4.5.2 THEISTIC MYSTICISM involves awareness if God and MONISTIC MYSTICISM offers awareness of the soul self and conscience
4.5.3 William James listed four charateristics of mystic experiences INEFFABILITY a state of feeling that defies description NOETIC QUALITY revelations of universal and eternal truth TRANSIENCY a brief but profoundly important experience PASSIVITY a feeling of being taken over by a superior authority
4.5.4 EXTROVERTIVE looking outwardsto see God in world INTROVERTIVE looks within themselves and sees their personal identity being merged into divine unity
4.6 6. CORPORATE EXPERIENCE large number of people seemingly experience God at the same time
4.7 THE TORONTO BLESSING peopel shook uncontrollably, wept, laughed and made unusual sounds. was spread all over the usa and candada and to the uk.
4.7.1 some see it as a blessing others see it as an experience engineered through mass hysteria and technology
5 FACTORS THAT LEAD TO RELIGIOUS EXPERIENCES scholars have accepted that certain conditions can trigger religious experiences.
5.1 MUSIC AND ATMOSPHERE most religions use music in worship offers a shared social experience Dance can also be used
5.2 PRAYER is a communion with God. comes in many forms (thanks,help guidance, forgiveness,praise) Gods answered prayers is a sure sign of existence.
5.2.1 Speaking in tongue can be seen as a sign of God within the individual often found in the charismatic movement and pentecostal church
5.3 MEDITATION theistic tradition is a prayerful state where a person seeks the understanding of and union with God.
5.3.1 Non theistic traditions such as Buddhism the aim is to seek the loss of self
6.1 the argument using religious experience as proof is an posteriori (derived from factual evidence) there have been thousand of testimonies
6.1.1 Are some problems: it is clear that experience of X does not indicate the reality of X are experience can always be mistaken. P1 would therefore be better seen as P1: experience of X indicates the probable reality of X Premise 2 creates further problems if regular experiences is open to misapprehension then experiences of the divine must be even more ambiguous it depends on appealing to non empirical and empirical evidence. if we allow that regular experience indicates the probable reality of X then experience of God must also indicate the probable reality of God but it would be reasonable that it is at the lower level of probability Premise 3 takes the implication of premise 2 a step further It is ambiguous someone may claim to experience God or is it that God can be experienced is it possible we experience God in the same way we experience others or the same way we experience unicorns. Premise 3 does not tell us that experience of God has actually taken place but that under certain circumstances it is possible God may be experienced The conclusion therefore cannot be sustained simply on the basis of the claims made in the premises. The most that can be claimed is that if experience is reliable it can indicate the reality of that which is experienced but this cannot be guarenteed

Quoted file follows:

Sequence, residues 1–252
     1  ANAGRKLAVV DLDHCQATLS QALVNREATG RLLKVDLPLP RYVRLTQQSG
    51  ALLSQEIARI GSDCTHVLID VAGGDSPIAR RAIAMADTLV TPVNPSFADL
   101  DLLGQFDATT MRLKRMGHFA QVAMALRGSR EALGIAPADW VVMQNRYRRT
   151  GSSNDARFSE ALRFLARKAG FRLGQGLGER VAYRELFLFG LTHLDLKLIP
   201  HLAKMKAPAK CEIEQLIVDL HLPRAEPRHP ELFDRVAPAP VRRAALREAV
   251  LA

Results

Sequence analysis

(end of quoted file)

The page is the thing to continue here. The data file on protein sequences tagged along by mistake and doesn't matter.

6.2 the argument is based on the premise that experience is in some way the product of facts about the real world
6.3 P1: Experience of X indicates the reality of X P2: Experience of God indicates the reality of God P3: It is possible to experience God C: God exists
6.4 THE INDUCTIVE ARGUMENT they look at the subjective testimony of individuals who claim to have religious experiences to find similar characteristics
6.4.1 and draw a conclusion RICHARD SWINEBURN argues inductively that it is reasonable to believe that God is loving and personal and would seek to reveal
6.4.2 Swineburn suggested that religious experience can be felt empirically through our senses and interpreted non empirically through our religious sense. If we are told someone has had a religious experience then we should believe that experience at all
6.5 THE CUMULATIVE ARGUMENT is based on the view that if we take all of the arguments about religious experience together then they are more convincing